What does Edge Computing means?
Edge computing is defined as a form of computing performed on-site or close to a specific data source to reduce the requirement for data to be processed in a remote data center. Edge computing provides businesses with a quicker, more effective means to process data using enterprise-grade applications. In the past, edge points produced enormous data volumes that were frequently discarded. With the advent of mobile computing and the Internet of Things (IoT), IT architecture can now be decentralized, allowing businesses to access near real-time insights with reduced latency and bandwidth requirements for cloud servers - all while enhancing security for sensitive data.
Why is Edge Computing Important?
The most sensitive data is already processed and vital systems that must operate securely and consistently are powered by a large portion of today's computing, which already takes place at the edge in locations like factories, retail stores, and hospitals. Low latency, network-free solutions are necessary for these locations. Edge has the ability to transform an organization across all sectors and functions, from consumer engagement and marketing to production and back-office operations. Edge supports proactive and adaptable business processes, frequently in real-time, resulting in improved user experiences. Edge enables companies to integrate the digital and real worlds.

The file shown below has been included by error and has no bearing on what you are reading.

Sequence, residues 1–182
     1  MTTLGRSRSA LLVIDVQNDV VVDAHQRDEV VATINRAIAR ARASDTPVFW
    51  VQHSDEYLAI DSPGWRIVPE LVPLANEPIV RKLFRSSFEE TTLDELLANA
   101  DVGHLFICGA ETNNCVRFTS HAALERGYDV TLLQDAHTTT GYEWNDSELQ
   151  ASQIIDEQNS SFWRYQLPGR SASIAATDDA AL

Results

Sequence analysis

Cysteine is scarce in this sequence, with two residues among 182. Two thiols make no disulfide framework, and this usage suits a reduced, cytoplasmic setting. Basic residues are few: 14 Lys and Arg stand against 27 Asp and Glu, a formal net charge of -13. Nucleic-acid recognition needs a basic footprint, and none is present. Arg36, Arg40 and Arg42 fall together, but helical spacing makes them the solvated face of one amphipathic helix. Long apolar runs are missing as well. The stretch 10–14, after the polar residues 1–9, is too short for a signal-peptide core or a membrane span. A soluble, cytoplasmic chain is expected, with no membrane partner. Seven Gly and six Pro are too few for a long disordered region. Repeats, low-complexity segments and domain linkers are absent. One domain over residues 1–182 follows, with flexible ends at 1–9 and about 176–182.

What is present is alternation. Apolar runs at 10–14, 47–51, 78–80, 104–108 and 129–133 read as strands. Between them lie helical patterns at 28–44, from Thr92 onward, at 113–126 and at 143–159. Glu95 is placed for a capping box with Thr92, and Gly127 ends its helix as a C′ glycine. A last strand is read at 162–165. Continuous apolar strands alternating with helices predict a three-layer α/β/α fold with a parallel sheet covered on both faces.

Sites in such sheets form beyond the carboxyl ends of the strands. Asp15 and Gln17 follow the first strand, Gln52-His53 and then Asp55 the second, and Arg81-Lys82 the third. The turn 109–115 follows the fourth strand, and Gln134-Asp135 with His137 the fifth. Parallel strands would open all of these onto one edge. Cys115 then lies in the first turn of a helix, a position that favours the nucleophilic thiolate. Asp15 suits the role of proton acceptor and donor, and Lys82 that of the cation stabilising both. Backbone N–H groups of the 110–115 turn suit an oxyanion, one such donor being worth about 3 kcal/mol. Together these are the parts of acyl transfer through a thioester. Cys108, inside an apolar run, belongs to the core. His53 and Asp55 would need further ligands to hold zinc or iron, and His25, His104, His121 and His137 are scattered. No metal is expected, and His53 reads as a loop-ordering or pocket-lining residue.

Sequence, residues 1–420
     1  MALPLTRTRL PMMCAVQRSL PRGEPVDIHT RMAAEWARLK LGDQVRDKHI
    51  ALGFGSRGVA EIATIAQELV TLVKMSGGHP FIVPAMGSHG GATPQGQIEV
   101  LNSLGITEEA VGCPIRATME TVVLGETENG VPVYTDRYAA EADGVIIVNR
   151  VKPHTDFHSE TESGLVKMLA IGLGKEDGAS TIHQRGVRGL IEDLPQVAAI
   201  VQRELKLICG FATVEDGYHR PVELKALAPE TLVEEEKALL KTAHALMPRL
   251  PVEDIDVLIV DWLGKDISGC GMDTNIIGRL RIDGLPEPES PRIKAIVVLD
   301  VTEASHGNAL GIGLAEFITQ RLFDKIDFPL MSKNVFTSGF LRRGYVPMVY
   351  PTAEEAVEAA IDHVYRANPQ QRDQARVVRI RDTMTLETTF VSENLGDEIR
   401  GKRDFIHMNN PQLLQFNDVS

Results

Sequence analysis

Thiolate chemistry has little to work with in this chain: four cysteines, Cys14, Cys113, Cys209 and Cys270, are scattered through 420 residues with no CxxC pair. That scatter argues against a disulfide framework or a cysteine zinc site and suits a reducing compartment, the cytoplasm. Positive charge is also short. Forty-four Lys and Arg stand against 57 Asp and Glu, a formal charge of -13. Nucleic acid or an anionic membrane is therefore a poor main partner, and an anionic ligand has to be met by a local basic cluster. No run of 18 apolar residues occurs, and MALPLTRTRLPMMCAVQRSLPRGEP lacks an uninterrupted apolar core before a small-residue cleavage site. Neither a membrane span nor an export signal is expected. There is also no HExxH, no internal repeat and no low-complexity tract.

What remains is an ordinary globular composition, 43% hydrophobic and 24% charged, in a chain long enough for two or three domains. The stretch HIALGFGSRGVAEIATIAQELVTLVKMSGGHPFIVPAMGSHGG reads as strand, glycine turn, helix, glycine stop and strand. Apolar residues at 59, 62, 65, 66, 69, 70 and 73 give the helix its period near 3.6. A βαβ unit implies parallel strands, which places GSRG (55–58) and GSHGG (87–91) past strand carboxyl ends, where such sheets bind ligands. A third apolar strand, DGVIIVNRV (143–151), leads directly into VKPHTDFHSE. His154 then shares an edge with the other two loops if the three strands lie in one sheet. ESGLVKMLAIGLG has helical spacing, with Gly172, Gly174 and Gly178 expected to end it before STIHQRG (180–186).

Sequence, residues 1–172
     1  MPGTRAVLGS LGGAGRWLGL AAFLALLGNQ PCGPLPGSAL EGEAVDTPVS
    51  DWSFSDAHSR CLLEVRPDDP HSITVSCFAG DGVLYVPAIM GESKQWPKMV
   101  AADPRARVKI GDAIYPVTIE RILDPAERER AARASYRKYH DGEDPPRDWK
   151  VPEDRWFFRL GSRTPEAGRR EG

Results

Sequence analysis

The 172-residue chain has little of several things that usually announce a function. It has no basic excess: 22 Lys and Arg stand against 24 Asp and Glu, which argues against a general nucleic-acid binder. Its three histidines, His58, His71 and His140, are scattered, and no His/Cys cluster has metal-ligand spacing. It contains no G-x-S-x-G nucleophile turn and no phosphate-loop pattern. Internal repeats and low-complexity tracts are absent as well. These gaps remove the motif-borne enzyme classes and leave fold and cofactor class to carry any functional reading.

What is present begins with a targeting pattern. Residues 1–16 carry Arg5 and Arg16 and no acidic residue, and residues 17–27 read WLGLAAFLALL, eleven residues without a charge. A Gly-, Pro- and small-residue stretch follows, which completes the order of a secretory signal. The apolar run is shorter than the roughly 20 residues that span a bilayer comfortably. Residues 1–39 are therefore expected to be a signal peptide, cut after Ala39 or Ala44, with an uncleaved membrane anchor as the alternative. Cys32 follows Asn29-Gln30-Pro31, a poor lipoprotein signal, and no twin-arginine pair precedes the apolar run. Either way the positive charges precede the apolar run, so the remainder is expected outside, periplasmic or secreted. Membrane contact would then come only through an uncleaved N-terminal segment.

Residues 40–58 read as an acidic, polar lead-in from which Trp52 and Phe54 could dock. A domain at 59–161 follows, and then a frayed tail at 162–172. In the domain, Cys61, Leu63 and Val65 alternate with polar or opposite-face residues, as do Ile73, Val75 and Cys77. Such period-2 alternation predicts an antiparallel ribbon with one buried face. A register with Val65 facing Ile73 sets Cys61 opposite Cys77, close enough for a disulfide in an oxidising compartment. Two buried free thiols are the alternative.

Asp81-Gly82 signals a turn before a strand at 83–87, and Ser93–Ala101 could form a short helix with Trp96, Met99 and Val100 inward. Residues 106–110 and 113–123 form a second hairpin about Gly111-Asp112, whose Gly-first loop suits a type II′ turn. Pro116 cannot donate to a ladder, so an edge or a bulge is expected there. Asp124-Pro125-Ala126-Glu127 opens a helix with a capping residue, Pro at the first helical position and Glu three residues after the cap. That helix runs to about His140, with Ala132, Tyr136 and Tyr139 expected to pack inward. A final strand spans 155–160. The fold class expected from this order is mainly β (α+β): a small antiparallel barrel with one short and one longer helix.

Edge computing benefits and applications
Edge can be used to drive quick decisions and enhance user experiences by maximizing relevance at every touchpoint. The cloud backbone now enables edge computing to contribute to the development of new insights and experiences.
A few common benefits of edge computing are listed below:
Quick response: Data migration takes time. In some use cases, such as telesurgery or self-driving cars, there isn't enough time to wait for data to travel back and forth from the cloud. Edge computing is helpful in these situations, where real-time or highly quick results are required.
Massive data volume: The cloud is capable of handling extremely large data volumes, but there are considerable transmission costs and physical network capacity constraints. Processing the data at the edge can prove highly beneficial in such circumstances.
Privacy: Users may choose to preserve control of sensitive data locally rather than transmitting it to the cloud.
Remote Areas: Some use cases fall under the category of "remote" in terms of connectivity, whether they are actually remote (such as an oil drilling or offshore platform) or practically remote (involving mobile or transportation-related scenarios utilizing edge).
Cost sensitivity: Processing data entails varying cost profiles across the cloud continuum, which can be optimized to reduce overall system costs.
Autonomous operations: Users may require end-to-end processing within the local environment to maintain operations if access to the cloud is not possible or is expected to be intermittent or unstable.